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Native America, Discovered and Conquered: Thomas Jefferson, Lewis and…

by Robert J. Miller

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Manifest Destiny, as a term for westward expansion, was not used until the 1840s. Its predecessor was the Doctrine of Discovery, a legal tradition by which Europeans and Americans laid legal claim to the land of the indigenous people that they discovered. In the United States, the British colonists who had recently become Americans were competing with the English, French, and Spanish for control of lands west of the Mississippi. Who would be the discoverers of the Indians and their lands, the United States or the European countries? We know the answer, of course, but in this book, Miller explains for the first time exactly how the United States achieved victory, not only on the ground, but also in the developing legal thought of the day. The American effort began with Thomas Jefferson's authorization of the Lewis & Clark Expedition, which set out in 1803 to lay claim to the West. Lewis and Clark had several charges, among them the discovery of a Northwest Passage--a land route across the continent--in order to establish an American fur trade with China. In addition, the Corps of Northwestern Discovery, as the expedition was called, cataloged new plant and animal life, and performed detailed ethnographic research on the Indians they encountered. This fascinating book lays out how that ethnographic research became the legal basis for Indian removal practices implemented decades later, explaining how the Doctrine of Discovery became part of American law, as it still is today.… (more)

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In Native America Discovered and Conquered, law professor Robert J. Miller examines how the international law concept now referred to as the “Doctrine of Discovery” applied to America’s westward expansion. Miller explains how the principles of the doctrine – developed by Spanish and Portuguese explorers in the 1400s and formally adopted in America in the 1823 Supreme Court case of Johnson v. M’Intosh – influenced Thomas Jefferson’s expansionist plans, delineated Lewis and Clark’s duties, and grew into the policy of Manifest Destiny.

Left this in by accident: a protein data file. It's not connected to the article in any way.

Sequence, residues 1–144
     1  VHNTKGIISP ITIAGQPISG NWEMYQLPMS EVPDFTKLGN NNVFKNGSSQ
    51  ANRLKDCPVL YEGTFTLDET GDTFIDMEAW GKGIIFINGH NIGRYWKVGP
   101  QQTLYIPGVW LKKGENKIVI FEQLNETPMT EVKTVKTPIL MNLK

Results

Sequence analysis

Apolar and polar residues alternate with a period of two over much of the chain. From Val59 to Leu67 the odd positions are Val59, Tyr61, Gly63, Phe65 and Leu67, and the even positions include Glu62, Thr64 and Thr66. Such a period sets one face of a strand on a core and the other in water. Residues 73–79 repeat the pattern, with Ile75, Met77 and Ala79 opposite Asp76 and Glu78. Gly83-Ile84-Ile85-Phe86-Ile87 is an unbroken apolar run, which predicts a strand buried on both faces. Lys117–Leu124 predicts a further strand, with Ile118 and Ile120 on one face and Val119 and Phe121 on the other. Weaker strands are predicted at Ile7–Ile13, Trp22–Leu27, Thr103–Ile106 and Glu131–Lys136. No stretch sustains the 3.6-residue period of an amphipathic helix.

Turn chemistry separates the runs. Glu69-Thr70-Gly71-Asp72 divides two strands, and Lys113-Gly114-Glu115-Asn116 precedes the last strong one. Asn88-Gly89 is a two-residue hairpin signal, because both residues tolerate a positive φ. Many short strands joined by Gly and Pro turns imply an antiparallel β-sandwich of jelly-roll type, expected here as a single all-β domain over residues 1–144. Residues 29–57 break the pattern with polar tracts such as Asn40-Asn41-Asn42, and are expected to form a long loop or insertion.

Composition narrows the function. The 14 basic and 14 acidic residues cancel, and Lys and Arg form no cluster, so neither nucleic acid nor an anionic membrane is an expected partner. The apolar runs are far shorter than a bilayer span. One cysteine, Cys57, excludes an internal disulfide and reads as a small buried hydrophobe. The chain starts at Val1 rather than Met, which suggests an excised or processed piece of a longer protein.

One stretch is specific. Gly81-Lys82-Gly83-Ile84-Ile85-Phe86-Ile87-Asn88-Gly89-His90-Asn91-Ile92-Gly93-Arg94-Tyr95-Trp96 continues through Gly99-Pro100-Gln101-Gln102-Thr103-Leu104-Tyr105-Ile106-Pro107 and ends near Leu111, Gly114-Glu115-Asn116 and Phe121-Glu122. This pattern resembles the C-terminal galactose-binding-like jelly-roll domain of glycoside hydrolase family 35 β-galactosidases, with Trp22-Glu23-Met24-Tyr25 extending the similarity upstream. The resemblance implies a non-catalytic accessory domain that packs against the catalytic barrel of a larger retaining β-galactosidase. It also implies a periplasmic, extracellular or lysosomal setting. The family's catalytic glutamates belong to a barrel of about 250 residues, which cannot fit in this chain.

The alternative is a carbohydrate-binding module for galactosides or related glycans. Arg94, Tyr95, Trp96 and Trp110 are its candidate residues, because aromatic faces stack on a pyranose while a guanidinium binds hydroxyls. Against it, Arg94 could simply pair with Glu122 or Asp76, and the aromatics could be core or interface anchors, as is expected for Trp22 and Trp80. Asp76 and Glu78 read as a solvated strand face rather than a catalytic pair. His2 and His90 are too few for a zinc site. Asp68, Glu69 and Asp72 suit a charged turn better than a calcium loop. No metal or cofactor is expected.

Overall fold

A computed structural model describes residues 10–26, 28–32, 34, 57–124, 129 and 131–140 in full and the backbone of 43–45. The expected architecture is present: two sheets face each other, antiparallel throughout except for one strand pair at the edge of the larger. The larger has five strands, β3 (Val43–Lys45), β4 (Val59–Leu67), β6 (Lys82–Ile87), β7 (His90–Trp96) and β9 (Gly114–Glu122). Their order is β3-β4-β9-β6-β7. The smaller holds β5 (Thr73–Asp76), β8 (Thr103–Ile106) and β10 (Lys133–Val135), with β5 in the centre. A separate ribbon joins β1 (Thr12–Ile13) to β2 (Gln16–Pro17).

This book offers a fresh look at these common chapters in American history by viewing them through the lens of the Doctrine of Discovery, which Miller describes “in a nutshell” as the idea that when a European, Christian nation “discovered” new lands, the European – later American – nation automatically acquired sovereign and property rights in the new land, subject only to the native peoples’ right to occupy and use the land. When the natives stopped using or wanted to sell the land, they had to sell it to the European or American “conquering” nation and to no other.

Miller sticks to his theme well, tying many loose threads of history into his theory. He clearly outlines ten elements of the Doctrine of Discovery: first discovery; actual occupancy; the right of preemption (the exclusive right to buy the land from the natives); Indian title (their right to occupy and use the land); limited tribal sovereign and commercial rights; contiguity; terra nullis; Christianity; civilization; and conquest (virtual, even if not military). He then refers to these elements as he explains that the Doctrine of Discovery was understood in American politics even before the Supreme Court put a name to it in 1823, and that the Doctrine evolved into the popular concept of Manifest Destiny.